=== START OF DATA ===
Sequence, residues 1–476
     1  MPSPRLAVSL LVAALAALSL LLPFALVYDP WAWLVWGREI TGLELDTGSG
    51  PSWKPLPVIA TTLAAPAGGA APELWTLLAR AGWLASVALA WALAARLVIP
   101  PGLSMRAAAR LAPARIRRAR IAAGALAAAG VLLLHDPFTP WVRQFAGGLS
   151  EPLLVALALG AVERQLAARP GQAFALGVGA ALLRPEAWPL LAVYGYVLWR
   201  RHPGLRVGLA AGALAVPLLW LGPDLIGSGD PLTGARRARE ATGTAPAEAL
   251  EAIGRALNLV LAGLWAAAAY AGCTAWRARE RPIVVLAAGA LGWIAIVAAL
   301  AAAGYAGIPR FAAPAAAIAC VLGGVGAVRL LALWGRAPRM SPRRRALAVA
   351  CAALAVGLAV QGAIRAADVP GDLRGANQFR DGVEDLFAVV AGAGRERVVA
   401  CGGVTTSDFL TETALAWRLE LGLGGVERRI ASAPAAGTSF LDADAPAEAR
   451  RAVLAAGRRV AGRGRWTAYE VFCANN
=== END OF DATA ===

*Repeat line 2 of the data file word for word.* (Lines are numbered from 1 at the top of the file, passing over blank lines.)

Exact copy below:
     1  MPSPRLAVSL LVAALAALSL LLPFALVYDP WAWLVWGREI TGLELDTGSG